The FDA has the power to slap you with reprimands, findings and even shut down manufacturing operations for a range of reasons. In our business, we’ve always focused on protecting our FDA regulated clients by making it nearly impossible to misfile a document that you might need in an FDA audit. We understand why it’s important to you to be able to calmly and quickly gather requested documents. We know you want to have time to review requests and then produce them in a way that gives your auditors confidence that your company complies with the FDA’s GMP standards.
Having your quality records managed in a formal electronic content management system is a key to successful and confident performance during audits, but it comes with strings.
If you are going to manage edits, revisions and changes to documents within a digital system versus just storing scanned images of paper records, there are implications that need to be addressed. When considering whether to use a digital system to manage the changes made to your FDA regulated quality records, like Batch Inspection Records, CCAs, Metrology Documents or Device Histories, it’s important to understand what the FDA will accept as compliant with their regulations. According to the FDA, they intend to enforce provisions related to the following controls and requirements:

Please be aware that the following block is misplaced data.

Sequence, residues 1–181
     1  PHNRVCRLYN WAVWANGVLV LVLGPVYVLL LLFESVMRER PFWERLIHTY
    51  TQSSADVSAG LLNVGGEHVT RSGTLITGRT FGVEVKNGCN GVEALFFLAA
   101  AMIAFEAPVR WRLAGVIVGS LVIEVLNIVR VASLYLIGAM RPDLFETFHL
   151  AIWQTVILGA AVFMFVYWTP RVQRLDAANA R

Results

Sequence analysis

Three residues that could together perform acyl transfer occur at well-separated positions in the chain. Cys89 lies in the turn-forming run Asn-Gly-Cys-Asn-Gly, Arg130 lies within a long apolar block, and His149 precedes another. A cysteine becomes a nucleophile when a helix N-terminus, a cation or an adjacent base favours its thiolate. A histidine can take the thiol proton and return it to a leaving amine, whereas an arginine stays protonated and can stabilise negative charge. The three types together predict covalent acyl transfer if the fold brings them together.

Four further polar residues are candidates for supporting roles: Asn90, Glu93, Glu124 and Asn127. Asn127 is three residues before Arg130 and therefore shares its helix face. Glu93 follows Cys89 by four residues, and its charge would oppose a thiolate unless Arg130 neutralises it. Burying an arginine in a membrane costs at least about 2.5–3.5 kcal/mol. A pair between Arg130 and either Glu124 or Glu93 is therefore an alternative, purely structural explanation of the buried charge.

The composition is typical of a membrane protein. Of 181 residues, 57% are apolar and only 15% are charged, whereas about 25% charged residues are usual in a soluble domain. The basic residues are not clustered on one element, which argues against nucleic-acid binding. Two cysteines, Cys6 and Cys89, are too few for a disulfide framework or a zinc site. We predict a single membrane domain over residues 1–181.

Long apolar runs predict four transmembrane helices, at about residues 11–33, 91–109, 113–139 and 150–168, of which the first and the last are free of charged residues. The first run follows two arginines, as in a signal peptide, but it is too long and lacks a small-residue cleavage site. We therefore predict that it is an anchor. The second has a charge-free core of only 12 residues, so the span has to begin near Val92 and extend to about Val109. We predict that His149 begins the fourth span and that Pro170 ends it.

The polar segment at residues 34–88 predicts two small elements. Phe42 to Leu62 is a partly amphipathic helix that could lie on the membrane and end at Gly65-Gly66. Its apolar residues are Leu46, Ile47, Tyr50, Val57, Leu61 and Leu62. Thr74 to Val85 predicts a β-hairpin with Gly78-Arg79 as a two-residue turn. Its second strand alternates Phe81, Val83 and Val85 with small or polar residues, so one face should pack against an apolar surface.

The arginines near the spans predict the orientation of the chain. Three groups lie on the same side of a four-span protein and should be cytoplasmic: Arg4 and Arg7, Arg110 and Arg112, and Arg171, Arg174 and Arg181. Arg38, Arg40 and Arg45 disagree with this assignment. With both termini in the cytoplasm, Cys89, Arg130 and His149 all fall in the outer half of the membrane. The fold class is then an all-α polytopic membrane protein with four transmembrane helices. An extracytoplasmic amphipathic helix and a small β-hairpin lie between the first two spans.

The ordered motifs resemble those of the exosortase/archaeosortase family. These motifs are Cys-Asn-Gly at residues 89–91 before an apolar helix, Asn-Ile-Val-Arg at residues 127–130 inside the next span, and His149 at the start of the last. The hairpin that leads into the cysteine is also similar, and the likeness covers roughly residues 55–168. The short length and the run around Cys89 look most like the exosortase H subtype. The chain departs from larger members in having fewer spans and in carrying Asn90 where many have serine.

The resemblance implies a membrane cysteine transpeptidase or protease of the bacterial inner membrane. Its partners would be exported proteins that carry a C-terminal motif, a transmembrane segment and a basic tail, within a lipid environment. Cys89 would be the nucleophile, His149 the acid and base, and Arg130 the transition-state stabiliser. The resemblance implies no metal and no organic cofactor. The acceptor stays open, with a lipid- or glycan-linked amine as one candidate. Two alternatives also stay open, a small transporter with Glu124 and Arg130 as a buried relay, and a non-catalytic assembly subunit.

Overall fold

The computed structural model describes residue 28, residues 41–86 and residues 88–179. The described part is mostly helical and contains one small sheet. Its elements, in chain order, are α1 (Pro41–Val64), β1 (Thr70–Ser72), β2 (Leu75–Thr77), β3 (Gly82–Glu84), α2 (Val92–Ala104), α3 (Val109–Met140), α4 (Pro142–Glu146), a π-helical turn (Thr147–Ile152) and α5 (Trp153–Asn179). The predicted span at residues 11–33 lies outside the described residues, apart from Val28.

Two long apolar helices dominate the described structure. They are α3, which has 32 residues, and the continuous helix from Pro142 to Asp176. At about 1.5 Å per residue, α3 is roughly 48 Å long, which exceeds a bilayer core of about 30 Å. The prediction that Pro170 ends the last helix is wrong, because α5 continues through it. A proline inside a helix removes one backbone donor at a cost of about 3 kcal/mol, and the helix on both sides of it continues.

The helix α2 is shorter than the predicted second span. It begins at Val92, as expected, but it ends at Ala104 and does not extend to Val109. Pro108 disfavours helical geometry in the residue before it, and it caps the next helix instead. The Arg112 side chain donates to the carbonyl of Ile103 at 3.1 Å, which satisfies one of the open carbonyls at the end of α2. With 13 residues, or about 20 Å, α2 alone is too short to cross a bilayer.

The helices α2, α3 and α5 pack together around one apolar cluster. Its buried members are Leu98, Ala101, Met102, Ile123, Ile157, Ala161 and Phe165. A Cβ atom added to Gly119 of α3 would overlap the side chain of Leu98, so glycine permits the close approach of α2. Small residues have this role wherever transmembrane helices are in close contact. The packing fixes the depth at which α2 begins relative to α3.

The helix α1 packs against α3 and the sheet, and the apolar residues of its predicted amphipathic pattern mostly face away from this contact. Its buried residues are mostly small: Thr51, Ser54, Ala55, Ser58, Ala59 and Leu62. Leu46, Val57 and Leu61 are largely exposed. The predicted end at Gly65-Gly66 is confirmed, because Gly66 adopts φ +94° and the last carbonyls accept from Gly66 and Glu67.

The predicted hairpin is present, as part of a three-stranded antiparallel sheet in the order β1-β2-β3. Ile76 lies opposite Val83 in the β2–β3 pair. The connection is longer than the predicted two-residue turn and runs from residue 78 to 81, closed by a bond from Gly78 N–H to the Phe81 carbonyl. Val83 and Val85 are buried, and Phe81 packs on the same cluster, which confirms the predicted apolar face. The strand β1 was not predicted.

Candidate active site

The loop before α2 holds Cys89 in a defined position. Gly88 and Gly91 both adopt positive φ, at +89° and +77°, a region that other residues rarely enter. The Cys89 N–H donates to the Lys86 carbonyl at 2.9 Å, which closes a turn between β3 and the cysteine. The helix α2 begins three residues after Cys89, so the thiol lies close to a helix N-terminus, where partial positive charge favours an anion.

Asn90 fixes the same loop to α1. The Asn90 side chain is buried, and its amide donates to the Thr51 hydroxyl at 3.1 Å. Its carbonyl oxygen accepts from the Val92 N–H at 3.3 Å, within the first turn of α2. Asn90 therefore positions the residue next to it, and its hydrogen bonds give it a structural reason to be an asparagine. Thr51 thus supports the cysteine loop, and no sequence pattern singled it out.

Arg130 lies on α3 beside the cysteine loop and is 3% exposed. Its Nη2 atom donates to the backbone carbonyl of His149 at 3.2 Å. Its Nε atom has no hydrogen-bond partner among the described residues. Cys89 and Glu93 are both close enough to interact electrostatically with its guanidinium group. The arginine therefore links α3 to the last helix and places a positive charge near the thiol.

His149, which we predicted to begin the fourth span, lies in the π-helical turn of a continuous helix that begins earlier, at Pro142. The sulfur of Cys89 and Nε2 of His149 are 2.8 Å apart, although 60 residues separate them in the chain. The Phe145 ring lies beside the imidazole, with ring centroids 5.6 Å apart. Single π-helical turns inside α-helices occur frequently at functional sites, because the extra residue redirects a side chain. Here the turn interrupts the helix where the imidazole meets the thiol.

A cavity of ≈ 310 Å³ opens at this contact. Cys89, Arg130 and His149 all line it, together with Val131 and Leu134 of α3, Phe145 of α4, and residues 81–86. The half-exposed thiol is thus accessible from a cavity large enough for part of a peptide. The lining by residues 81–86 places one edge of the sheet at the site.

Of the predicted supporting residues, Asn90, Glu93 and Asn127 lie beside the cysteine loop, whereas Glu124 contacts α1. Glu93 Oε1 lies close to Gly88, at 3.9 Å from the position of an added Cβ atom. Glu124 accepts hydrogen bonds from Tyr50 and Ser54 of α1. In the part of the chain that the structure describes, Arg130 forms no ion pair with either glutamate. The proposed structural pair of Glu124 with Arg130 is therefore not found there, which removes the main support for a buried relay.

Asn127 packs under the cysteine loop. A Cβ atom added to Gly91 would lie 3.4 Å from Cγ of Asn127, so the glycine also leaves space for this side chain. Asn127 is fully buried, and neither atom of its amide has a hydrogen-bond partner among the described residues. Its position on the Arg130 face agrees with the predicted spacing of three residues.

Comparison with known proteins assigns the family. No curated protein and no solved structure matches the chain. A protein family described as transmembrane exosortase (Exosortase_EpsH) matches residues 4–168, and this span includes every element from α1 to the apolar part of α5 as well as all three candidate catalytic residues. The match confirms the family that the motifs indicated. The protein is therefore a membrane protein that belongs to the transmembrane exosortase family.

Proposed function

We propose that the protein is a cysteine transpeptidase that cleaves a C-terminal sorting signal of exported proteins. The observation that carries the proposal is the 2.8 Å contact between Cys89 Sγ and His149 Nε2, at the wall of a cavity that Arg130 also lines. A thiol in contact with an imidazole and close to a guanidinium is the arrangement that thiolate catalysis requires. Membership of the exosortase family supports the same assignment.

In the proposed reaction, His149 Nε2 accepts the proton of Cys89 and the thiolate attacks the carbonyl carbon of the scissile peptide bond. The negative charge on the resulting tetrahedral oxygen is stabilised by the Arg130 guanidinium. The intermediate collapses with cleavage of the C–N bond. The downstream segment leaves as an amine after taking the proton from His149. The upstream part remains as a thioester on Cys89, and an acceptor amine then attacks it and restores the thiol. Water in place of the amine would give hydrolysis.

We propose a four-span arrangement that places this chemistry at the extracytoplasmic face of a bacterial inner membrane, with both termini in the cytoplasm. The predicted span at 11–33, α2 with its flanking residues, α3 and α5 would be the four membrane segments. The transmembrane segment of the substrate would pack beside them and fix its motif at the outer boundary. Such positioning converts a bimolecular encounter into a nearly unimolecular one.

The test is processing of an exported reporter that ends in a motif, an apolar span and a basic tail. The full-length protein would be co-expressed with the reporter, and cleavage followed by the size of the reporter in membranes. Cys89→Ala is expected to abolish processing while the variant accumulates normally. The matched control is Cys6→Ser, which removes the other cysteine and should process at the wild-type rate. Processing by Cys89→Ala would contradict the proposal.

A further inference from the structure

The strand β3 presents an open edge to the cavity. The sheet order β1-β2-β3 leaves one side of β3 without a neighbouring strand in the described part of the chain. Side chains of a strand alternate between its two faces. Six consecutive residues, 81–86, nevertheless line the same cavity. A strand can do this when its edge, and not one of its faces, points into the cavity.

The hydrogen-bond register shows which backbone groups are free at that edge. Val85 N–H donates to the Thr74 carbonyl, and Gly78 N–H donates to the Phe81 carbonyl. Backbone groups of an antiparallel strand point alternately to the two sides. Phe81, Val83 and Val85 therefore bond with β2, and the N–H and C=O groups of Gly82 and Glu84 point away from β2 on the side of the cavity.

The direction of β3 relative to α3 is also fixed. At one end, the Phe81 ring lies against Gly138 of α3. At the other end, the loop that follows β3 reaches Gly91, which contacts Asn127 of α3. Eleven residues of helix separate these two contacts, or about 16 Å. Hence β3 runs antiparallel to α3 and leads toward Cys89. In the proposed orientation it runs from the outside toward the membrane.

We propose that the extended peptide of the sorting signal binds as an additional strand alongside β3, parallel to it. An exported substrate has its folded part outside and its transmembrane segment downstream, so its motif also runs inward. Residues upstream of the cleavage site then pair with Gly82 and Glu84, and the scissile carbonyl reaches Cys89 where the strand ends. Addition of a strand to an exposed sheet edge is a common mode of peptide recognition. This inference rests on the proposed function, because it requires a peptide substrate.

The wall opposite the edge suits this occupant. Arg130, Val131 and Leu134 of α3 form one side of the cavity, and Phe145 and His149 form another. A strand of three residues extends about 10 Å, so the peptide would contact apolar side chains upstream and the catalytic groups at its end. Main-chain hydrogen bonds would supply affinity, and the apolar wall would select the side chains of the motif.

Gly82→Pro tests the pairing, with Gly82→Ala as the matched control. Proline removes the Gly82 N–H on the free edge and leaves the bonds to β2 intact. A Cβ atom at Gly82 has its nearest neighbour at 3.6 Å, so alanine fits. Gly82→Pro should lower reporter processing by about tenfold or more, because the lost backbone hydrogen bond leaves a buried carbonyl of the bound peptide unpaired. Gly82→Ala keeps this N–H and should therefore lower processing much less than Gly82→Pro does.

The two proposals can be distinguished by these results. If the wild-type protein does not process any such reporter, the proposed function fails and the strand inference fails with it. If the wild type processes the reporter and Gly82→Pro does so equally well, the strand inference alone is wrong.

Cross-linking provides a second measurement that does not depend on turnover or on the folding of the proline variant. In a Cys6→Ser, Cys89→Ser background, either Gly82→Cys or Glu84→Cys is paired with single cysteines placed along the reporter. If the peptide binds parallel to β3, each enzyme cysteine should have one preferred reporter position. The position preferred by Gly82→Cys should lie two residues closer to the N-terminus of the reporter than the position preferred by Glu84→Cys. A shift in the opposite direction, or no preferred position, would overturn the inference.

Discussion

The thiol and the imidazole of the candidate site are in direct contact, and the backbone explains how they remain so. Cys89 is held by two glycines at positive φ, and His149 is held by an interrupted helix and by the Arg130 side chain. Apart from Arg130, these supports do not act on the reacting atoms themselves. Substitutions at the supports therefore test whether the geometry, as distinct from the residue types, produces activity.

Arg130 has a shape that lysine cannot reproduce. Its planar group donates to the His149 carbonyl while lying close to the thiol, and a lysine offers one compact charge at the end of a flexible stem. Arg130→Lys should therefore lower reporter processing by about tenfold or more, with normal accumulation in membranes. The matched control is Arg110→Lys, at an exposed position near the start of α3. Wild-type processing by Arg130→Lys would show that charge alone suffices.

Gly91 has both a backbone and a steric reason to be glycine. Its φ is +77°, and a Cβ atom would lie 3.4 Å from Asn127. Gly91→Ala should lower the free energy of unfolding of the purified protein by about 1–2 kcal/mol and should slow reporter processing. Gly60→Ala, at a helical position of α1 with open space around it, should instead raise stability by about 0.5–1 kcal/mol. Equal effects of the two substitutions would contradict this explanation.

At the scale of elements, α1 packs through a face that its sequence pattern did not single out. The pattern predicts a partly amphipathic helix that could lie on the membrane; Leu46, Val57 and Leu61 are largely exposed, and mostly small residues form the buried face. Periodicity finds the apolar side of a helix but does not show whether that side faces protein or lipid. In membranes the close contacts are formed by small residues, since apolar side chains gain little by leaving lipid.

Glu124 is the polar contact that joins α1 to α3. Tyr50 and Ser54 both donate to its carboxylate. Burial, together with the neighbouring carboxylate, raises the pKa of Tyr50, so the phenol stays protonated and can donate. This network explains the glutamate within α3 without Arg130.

- Limiting system access to authorized individuals
- Use of operational system checks
- Use of authority checks
- Use of device checks
- Determination that persons who develop, maintain, or use electronic systems have the education, training, and experience to perform their assigned tasks
- Establishment of and adherence to written policies that hold individuals accountable for actions initiated under their electronic signatures
- Appropriate controls over systems documentation
- Controls for open systems corresponding to controls for closed systems bulleted above (§ 145 11.30) requirements related to electronic signatures (e.g., §§ 11.50, 11.70, 11.100, 11.200, and 147 11.300)
According to the FDA’s own publication, the FDA does not intend to object if you decide to archive required records in electronic format to non electronic media, such as microfilm, microfiche, and paper, or to a standard electronic file format (examples of such formats include, but are not limited to PDF, XML, or SGML). Persons must still comply with all predicate rule requirements, and the records themselves and any copies of the required records should preserve their content and meaning. As long as predicate rule requirements are fully satisfied and the content and meaning of the records are preserved and archived, you can delete the electronic version of the records. In addition, paper and electronic record and signature components can co-exist (i.e., a hybrid situation) as long as predicate rule requirements are met and the content and meaning of those records are preserved.